Lockout! HarperCollins ebooks to be banned from Libraries?

Never Mess with a Librarian

Well, it looks like messing with Librarian’s isn’t the cakewalk HarperCollins expected it to be.

As of March 7, 2011, several library consortia have decided to suspend any future purchases of ebook licenses from HarperCollins as a direct result of the publisher’s recent decision to enact a license limit of 26 check-outs on ebook titles.

In an article by Michael Kelley that can be found at Library Journal (sorry guys, I know I keep cribbing from you, but who else has the best info on Library news?), the response and concerns regarding HarperCollins actions are chronicled.  Predictably, they’re not happy.  From Joan Kuklinski, executive director of the Central/Western Massachusetts Automated Resource Sharing Consortium:

“The library model has always been you purchase and own it for perpetuity, and I don’t think the format should matter as long as rights are being protected,” she told LJ. “No one tells a library they have to pull their books off the shelf after a certain number of circulations so why should this be different? They are looking at consortia as a threat, and it’s totally the wrong approach,” she said.

Directors of the Upper Hudson Library system have also decided to no longer buy their ebook titles from HarperCollins, calling the decision “patently ridiculous” (oh, fun with puns!) while several other consortiums have hopped on the bandwagon (read the article, I can’t crib everything!).

The best argument against such an arbitrary move is Adri Edwards-Johnson (coordinator of the Virtual Library) video demonstrating that print books have a much longer shelf life than HarperCollins is claiming.  Ouch, awkward moment for the publisher.

So, there we have it.  In their efforts to secure an ongoing profit stream from ebook sales to libraries for themselves, and by extension, the authors they’re claiming to represent, HarperCollins has managed to ensure that neither they nor their authors will see a cent until this issue is resolved.  Furthermore, they’ve managed to damage their brand

I doubt we’ve heard the last of this issue, and suspect that some sort of accommodation will eventually be worked out, but for the moment, it looks like HarperCollins is locked out.

HarperCollins Donkey Punches Librarians!

Please be Gentle

A considerate lover is always a good thing, whether in bed or everyday life.  Roses, sweet nothings whispered in a paramour’s ear, generally being attentive, all these things contribute to a great relationship.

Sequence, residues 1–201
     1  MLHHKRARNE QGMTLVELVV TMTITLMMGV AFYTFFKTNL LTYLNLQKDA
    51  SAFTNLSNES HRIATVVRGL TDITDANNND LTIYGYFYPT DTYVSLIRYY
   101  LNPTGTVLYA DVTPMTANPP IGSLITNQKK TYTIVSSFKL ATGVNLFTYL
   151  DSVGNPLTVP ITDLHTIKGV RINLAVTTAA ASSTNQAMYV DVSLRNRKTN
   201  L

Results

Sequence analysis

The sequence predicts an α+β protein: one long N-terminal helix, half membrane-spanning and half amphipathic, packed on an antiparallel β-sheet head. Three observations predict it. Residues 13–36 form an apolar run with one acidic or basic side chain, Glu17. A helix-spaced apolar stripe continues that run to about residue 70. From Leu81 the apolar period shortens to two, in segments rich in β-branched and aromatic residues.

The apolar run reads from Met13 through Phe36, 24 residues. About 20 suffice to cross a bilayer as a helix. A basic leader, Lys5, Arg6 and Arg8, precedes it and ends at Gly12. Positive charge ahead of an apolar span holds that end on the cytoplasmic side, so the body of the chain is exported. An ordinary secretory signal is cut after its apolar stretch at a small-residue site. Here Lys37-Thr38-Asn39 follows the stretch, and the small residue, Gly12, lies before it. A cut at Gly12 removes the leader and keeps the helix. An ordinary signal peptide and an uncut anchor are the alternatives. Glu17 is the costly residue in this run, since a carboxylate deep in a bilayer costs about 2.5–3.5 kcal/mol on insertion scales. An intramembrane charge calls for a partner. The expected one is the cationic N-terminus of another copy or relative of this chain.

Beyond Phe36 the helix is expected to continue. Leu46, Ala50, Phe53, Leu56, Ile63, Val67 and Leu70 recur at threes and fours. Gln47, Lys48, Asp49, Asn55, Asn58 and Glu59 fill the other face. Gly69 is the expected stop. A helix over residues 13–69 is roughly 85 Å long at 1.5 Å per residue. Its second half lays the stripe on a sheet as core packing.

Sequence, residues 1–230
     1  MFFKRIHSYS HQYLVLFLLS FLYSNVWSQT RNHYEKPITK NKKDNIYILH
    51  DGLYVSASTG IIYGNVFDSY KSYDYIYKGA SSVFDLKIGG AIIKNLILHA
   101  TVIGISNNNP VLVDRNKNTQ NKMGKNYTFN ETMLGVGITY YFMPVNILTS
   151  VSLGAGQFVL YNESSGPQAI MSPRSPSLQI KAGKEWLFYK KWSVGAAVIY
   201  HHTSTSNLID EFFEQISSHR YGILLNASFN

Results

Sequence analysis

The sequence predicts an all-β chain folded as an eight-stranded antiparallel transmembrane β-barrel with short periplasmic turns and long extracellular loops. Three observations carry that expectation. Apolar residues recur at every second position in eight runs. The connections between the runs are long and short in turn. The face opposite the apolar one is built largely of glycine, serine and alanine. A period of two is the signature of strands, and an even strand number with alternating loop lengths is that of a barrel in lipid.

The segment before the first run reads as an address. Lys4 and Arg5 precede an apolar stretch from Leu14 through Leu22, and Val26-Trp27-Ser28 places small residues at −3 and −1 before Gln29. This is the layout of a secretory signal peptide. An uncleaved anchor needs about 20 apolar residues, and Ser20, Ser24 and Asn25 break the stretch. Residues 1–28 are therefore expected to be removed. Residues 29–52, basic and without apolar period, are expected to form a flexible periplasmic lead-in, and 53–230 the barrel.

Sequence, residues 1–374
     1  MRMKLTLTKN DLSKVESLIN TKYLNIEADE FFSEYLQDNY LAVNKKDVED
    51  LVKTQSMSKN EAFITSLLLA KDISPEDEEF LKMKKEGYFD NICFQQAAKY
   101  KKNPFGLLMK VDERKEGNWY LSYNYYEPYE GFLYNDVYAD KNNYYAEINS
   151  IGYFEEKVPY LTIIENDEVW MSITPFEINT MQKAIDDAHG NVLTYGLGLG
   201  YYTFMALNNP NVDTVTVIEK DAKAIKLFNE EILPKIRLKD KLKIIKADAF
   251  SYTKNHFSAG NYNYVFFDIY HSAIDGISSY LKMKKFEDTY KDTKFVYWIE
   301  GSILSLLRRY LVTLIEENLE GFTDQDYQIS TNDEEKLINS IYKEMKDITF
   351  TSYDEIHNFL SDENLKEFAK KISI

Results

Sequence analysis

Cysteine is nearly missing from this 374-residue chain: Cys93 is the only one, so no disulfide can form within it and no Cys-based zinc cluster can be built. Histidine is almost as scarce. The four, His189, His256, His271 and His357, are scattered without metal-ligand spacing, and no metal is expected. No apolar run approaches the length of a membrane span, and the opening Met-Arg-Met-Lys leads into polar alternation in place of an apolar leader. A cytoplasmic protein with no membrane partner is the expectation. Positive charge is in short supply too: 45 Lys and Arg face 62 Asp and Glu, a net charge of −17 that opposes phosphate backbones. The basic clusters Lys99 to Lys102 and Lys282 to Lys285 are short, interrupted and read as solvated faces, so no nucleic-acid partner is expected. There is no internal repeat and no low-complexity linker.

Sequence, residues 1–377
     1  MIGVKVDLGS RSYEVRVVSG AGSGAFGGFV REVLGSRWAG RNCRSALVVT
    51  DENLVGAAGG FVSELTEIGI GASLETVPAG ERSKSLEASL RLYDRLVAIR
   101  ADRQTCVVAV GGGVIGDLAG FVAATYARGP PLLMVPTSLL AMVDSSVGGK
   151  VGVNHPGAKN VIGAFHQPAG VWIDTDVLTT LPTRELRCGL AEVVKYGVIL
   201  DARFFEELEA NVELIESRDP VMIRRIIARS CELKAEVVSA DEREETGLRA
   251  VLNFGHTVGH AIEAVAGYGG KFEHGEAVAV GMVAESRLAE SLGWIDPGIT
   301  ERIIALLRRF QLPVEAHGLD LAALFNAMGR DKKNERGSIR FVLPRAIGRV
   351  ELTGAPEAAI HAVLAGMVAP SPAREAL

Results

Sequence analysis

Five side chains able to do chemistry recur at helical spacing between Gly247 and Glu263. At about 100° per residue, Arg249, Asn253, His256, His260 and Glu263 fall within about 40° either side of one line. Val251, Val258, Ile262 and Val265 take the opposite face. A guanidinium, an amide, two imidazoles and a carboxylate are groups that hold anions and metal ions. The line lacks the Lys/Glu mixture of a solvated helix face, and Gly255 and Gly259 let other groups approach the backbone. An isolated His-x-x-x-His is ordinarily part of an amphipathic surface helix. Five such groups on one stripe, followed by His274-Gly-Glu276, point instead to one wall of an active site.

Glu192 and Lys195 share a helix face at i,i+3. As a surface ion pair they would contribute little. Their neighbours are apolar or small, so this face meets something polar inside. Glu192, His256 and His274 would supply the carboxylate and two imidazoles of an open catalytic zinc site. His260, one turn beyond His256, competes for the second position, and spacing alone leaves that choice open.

So why is HarperCollins playing so rough with librarians?

 In an on-line article earlier this week for Library Journal, Josh Hadro chronicles the recent decision by HarperCollins to restrict the number of circulations of ebook titles by libraries to a strangely arbitrary number of 26.  Yep, libraries can distribute their ebooks 26 times and then they have to pay for a new license.

Why 26 times?

“Josh Marwell, President, Sales for HarperCollins, told LJ that the 26 circulation limit was arrived at after considering a number of factors, including the average lifespan of a print book, and wear and tear on circulating copies.” (from the article)

Reaaaaallllly?  So what’s next Mr. Marwell?  Will you be sending out notices to librarians across the nation that once a book has been loaned out 26 times, it’s time to rip the cover off, return it, and buy a new copy?

Granted, even with this decision, HarperCollins is still more graceful than a couple of its competitors. 

“While HarperCollins is the first major publisher to amend the terms of loan for its titles, two other members of the publishing “big six”—Macmillan and Simon & Schuster—still do not allow ebooks to be circulated in libraries…”.

Look, it’s understandable that ebook piracy is hitting publishers traditionally small profit margin and that the bread and butter of both publishers and authors is sales and the accompanying residuals.  The rise of ebooks has also cut into these margins, although one would think it has radically reduced publication costs.

(after all, there’s no physical book to print, bind or distribute)

What’s not to be understood (or tolerated) is this ridiculous attempt to squeeze a little more out of a social service itself falling on hard times.

Libraries have never been the go-to service when relegating public funds, so increasing their cost of operating really isn’t a smart idea.  They’re also a great marketing tool, showcasing authors, sponsoring book clubs, generally doing a portion of the marketing department’s work for them.

Furthermore, they’ve also already paid for the product.  It’s their property to do with as they will, isn’t it?

Show a little tenderness HC (and company), be a considerate lover, not a brute!